ClarissaJohal

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They are open to some negotiation. We negotiated, and I am satisfied. Publication schedule for me is running next summer, so that is fairly typical. All their authors love them, and that also speaks strongly enough for me.

Congrats! I'm about 2 steps behind you, lol. Just sent them the info form so they can send a contract.
 

popgun62

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http://www.examiner.com/article/an-invasive-interview-with-permuted-press-president-michael-wilson

I find this interview explains a lot about what's going on at Permuted Press.

I have a nine book contract with them and am very-very satisfied.

I'll be releasing my next four books with Permuted, and so far I like everything about them. Mike is super easy to work with, and I like the way they're heading as far as branching out into other genres and the new Permuted Platinum program.
 
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seun

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I've recently seen several Permuted Press contracts, and there are issues of concern, in my opinion, including:

- A life-of-copyright grant term without adequate provision for reversion (the work is "in print" as long as it's "available from the publisher or licensee in any edition"). Reversion in a life-of-copyright contract should always be tied to specific sales minimums.

- An overly sweeping Option clause that gives the publisher first refusal right on any sequels, prequels, successor works, or even, possibly, works in the same genre ("any full-length work of fiction based substantially on subject matter, material, characters or incidents in the Work").

- Royalty rates potentially substantially reduced by "special discount sales"--defined as anything sold at a discount of more than 40% (most online retailers demand a much bigger discount), in which case royalties drop to just 5% of net.

- Substandard ebook royalties (20% of net) and subrights splits (30% of net).

- An excessively long publication window (four years).

- Victoria

I subbed to Permuted last week. If, on the billion to one chance, they like my book and a contract comes up, the point in bold would be my first concern especially the genre issue. Still, these things can always be talked about.
 

Karen Junker

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Just an fyi, Seun -- I know someone who is with Permuted and was able to negotiate several of the things in the contract. If you don't have an agent, just be sure you know what language you DO want to use, if you want to change it. You may also try to just strike things out. Best wishes!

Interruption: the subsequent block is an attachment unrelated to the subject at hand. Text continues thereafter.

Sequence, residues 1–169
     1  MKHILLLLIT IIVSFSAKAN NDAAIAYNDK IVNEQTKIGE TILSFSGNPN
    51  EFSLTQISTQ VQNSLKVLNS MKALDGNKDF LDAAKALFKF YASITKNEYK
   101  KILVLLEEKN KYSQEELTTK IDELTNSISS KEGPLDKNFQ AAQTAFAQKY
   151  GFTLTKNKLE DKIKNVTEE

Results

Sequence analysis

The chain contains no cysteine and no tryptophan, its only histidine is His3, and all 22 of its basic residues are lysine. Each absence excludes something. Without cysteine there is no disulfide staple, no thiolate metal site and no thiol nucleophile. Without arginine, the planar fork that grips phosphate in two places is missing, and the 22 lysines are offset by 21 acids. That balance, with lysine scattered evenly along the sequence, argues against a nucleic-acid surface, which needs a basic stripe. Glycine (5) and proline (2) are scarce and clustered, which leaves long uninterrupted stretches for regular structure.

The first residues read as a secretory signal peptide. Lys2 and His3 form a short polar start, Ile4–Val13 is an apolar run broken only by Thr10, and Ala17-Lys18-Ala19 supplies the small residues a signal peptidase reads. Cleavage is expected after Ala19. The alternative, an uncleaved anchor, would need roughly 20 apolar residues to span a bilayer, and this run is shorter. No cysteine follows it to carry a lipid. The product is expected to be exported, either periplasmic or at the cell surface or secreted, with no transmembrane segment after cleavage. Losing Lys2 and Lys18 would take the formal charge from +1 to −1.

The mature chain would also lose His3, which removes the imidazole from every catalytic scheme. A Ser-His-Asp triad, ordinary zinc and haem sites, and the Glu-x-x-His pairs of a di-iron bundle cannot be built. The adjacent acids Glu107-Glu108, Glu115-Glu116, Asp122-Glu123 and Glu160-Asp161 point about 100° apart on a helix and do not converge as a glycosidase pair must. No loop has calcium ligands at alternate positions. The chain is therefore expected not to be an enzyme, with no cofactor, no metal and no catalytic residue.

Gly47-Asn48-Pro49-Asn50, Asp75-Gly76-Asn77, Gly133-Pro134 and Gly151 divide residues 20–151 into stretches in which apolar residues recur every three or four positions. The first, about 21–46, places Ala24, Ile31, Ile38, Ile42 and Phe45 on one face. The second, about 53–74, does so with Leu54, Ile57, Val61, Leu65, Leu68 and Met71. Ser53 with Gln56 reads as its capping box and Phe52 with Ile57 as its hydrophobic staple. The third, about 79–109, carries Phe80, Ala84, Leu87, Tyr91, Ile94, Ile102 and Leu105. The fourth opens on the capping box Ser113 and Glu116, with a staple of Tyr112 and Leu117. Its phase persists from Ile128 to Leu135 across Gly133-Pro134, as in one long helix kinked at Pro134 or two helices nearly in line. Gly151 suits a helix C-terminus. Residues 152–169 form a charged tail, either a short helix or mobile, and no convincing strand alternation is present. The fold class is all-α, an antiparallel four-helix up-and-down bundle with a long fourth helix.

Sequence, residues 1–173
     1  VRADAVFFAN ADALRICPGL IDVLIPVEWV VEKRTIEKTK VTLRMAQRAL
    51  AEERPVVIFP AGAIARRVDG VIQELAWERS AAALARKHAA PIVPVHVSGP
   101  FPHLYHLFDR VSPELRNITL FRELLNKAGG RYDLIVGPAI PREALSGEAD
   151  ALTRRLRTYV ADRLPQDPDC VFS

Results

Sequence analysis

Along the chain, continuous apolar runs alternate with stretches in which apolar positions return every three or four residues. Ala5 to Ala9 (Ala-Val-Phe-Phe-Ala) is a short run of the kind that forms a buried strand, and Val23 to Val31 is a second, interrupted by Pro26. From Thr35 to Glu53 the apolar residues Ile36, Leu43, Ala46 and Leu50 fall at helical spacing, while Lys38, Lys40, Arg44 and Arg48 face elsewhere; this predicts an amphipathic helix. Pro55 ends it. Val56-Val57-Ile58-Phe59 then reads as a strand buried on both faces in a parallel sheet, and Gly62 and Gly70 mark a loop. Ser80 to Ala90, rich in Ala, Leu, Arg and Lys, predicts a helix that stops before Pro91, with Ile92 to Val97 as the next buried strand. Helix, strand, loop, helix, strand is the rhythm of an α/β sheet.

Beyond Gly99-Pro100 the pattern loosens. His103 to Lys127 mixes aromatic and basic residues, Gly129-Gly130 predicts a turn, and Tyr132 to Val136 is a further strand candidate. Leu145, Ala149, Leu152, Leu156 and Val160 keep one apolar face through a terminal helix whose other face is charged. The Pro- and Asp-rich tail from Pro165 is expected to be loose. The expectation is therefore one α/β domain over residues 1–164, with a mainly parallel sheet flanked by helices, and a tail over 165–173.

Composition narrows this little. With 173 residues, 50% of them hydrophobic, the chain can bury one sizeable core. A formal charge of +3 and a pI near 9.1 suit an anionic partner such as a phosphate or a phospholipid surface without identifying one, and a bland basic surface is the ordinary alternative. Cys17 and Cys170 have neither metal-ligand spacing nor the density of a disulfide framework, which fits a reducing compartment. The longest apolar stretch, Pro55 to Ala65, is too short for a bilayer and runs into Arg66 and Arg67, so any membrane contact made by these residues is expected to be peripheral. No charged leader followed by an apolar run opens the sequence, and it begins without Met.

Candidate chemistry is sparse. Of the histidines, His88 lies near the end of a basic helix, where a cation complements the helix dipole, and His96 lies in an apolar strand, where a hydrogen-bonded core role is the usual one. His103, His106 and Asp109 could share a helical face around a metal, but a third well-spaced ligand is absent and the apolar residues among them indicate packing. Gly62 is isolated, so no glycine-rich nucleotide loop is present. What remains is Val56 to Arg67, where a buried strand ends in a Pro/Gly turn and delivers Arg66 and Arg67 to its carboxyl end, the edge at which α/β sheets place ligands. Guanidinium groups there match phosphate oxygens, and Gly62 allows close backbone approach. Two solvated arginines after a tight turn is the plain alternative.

seun

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Just an fyi, Seun -- I know someone who is with Permuted and was able to negotiate several of the things in the contract. If you don't have an agent, just be sure you know what language you DO want to use, if you want to change it. You may also try to just strike things out. Best wishes!

Thanks for the info. Could be a moot point - they need to like my book enough to start talking contracts, but I can hope. :)
 

popgun62

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I subbed to Permuted last week. If, on the billion to one chance, they like my book and a contract comes up, the point in bold would be my first concern especially the genre issue. Still, these things can always be talked about.

Hey Luke - good luck! I would try to get an agent if they make an offer, though.
 

Karen Junker

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Seun, what he's saying is: once you have an offer from a publisher, sometimes an agent will be more inclined to work with you, so you can hurry up and call or email a bunch of agents IF the publisher does offer you a contract.
 

seun

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We'll see how things go. If anything happens with Permuted, you'll all be the first to know.
 

amberhuez

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Submitted to them recently. Thanks for this thread. Was not aware of them until I found these posts. They sound excellent. Is there a list anywhere of publishers who accept unsolicited manuscripts?
 
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popgun62

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Submitted to them recently. Thanks for this thread. Was not aware of them until I found these posts. They sound excellent. Is there a list anywhere of publishers who accept unsolicited manuscripts?

Ralan's Webstravaganza is an excellent resource for writers of sci-fi, fantasy and horror. You can also check out Duotrope, but I think they may charge a fee now.